Space junk

Europe’s Space Agency Wants to Clean Up Old Satellites and Space Junk

Satellite operators have found a new market to commercialize space and create payloads to launch mega-constellations composed of thousands of satellites around the planet. As this process becomes less expensive, Earth’s orbit is starting to get congested. It is time to start calling for preventative measures, but what will those look like in the wild west of outer space?

Background: How did Space Get So Full?

The concept of mega-constellations has been in development for many years now. Instead of one large satellite, groups of smaller satellites, some weighing as little as 1 gram, can simultaneously provide full coverage to the planet. 

Mega-constellations often cater to military operations and private operators, providing such functions as climate monitoring, digital connectivity, and disaster management. There are approximately 3,000 active satellites around the Earth today, and those numbers are about to multiply exponentially as the European Commission is planning to launch thousands more. So how exactly will we stop low-earth orbit congestion and even prevent collisions from occurring?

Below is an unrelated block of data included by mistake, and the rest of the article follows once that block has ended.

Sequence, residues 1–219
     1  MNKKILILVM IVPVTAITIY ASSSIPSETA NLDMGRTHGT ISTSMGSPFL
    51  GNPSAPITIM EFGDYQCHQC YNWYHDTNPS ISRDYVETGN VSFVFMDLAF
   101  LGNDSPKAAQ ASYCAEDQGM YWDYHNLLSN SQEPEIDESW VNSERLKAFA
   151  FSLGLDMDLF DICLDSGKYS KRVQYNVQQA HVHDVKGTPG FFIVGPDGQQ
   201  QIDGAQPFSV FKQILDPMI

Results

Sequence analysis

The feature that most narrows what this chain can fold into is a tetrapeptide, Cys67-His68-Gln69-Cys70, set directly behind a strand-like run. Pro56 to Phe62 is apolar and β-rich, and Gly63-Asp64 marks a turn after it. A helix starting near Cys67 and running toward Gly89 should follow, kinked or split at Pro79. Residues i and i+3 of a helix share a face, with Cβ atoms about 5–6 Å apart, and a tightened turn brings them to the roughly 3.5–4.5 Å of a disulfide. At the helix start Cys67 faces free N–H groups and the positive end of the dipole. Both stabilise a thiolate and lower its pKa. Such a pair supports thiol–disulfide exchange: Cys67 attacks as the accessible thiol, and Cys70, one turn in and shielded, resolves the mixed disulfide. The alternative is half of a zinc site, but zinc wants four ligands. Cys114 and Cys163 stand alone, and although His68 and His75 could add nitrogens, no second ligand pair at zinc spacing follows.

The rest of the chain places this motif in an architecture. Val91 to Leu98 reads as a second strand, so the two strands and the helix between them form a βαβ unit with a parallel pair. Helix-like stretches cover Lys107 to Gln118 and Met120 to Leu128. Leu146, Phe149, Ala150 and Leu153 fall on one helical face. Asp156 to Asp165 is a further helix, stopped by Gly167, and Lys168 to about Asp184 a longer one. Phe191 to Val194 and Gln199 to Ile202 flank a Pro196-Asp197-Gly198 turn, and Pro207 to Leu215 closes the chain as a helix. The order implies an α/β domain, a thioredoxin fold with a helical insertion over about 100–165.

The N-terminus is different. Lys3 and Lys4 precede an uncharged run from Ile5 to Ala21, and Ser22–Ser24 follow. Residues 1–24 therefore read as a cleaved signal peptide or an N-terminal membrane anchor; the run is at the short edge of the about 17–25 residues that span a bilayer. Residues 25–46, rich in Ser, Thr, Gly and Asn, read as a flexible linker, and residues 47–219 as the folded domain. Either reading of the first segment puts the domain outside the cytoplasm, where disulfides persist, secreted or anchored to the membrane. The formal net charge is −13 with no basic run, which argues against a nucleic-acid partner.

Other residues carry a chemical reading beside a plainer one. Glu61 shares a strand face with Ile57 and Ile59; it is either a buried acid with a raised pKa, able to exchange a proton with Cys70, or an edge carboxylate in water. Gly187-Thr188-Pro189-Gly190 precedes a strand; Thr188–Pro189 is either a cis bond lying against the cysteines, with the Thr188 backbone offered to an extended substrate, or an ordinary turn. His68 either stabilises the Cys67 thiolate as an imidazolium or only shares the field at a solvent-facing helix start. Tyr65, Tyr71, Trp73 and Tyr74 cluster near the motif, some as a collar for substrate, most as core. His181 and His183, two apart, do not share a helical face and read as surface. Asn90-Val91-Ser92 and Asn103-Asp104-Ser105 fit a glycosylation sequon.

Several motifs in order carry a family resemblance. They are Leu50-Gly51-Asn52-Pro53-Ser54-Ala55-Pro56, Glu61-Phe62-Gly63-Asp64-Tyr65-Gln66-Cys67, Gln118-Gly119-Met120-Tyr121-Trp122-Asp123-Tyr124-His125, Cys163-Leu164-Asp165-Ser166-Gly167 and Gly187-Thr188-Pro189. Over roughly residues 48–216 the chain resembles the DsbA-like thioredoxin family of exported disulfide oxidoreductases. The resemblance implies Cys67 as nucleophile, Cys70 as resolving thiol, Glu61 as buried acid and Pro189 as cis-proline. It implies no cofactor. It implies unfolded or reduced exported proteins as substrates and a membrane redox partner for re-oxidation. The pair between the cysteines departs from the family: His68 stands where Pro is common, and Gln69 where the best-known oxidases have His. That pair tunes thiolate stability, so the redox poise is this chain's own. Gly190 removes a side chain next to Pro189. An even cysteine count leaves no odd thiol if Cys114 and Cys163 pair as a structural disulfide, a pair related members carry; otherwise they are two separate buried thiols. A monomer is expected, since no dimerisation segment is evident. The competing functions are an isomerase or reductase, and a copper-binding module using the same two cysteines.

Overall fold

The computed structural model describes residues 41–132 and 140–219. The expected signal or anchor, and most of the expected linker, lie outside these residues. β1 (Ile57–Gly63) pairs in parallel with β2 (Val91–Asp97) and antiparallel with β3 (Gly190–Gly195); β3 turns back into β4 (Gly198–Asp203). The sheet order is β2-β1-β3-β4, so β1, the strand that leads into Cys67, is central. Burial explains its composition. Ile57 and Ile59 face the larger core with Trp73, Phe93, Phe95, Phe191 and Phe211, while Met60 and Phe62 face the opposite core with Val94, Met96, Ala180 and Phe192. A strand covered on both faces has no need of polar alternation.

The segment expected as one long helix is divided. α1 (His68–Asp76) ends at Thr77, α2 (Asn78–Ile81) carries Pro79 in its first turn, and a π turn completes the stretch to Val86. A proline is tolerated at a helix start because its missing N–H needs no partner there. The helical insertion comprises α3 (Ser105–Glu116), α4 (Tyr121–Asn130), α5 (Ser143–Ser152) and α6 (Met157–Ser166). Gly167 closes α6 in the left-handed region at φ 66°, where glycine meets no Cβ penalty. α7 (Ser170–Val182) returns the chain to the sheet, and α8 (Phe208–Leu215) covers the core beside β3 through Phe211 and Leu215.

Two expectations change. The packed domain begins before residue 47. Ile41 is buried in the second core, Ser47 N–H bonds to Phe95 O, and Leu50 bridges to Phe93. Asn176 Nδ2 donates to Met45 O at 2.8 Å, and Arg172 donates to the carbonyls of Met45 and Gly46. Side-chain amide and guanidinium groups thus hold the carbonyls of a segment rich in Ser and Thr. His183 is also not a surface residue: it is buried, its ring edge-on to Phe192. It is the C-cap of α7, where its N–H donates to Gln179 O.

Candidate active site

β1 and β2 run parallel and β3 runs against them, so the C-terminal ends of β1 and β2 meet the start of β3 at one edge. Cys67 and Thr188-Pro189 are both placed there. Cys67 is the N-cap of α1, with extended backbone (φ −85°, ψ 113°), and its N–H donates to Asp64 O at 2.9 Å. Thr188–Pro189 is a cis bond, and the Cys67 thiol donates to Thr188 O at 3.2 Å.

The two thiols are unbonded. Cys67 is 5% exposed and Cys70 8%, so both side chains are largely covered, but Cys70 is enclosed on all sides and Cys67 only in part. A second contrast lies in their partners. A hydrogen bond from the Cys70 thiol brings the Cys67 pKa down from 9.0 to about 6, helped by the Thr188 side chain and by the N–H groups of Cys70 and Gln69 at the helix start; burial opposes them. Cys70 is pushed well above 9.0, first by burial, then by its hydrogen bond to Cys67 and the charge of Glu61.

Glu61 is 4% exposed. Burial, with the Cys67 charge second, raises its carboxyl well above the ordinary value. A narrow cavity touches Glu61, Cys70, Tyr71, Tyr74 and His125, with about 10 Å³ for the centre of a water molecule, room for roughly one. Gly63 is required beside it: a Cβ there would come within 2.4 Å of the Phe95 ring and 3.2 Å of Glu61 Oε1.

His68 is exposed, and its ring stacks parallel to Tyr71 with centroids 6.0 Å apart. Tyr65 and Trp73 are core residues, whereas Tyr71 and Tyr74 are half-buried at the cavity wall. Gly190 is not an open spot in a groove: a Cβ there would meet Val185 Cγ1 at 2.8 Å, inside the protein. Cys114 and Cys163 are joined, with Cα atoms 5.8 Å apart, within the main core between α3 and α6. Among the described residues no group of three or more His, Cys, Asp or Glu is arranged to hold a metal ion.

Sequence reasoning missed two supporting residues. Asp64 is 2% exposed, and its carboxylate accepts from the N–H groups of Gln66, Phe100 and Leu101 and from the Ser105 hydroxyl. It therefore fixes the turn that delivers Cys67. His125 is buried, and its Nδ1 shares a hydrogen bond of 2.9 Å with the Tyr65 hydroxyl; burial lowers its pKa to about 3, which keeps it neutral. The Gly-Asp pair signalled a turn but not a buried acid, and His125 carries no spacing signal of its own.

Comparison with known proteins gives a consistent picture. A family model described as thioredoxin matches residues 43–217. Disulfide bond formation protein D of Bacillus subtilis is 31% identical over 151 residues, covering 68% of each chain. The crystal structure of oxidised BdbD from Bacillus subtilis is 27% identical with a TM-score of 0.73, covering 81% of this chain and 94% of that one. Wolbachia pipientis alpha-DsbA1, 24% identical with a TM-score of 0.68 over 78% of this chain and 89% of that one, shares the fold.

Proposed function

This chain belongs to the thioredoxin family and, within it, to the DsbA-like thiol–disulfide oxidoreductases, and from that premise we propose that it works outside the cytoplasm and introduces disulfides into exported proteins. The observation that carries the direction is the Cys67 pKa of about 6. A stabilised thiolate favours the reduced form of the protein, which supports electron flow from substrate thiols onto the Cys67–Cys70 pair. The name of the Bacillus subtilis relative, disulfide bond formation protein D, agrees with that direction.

Analysis: A Satellite Cleaning Crew?

As concerns for collisions grow, the United Nations, along with the European Space Agency (ESA) Space Debris Office, has set up a program called Clean Space, which will determine how to keep Earth’s orbital environment free of excessive debris. Within the research of Clean Space, two ESA-led teams of researchers conducted different studies. The first is the MEGACO study, which set out to understand the complexity of mega-constellations, decommissioned satellites and sort out how to ensure these objects don’t collide. The other study was led by Thales Alenia Space, and explores removing debris and failed satellites from orbit. 

Clean Space is also developing a dedicated mission called e.Deorbit. The concept is to target dead satellites, capture them, and safely destroy them in a controlled atmospheric re-entry.

Outlook: Only Working Together Will Fix This

While the number of satellites and space debris circling the Earth may seem overwhelming, many serve vital purposes back here on the ground. Mega-constellations provide full communications coverage to the planet, and they benefit socio-economic and environmental monitoring that can save lives.  

There is no doubt that while the United States and several European countries are taking on the responsibility of cleaning up our orbit, there has yet to be a global effort to restrict certain mega-constellations or assist in collecting our shared space garbage.

Stricter regulations will most likely need to be enacted, or the congestion and collisions will not only persist but get much worse as time goes on.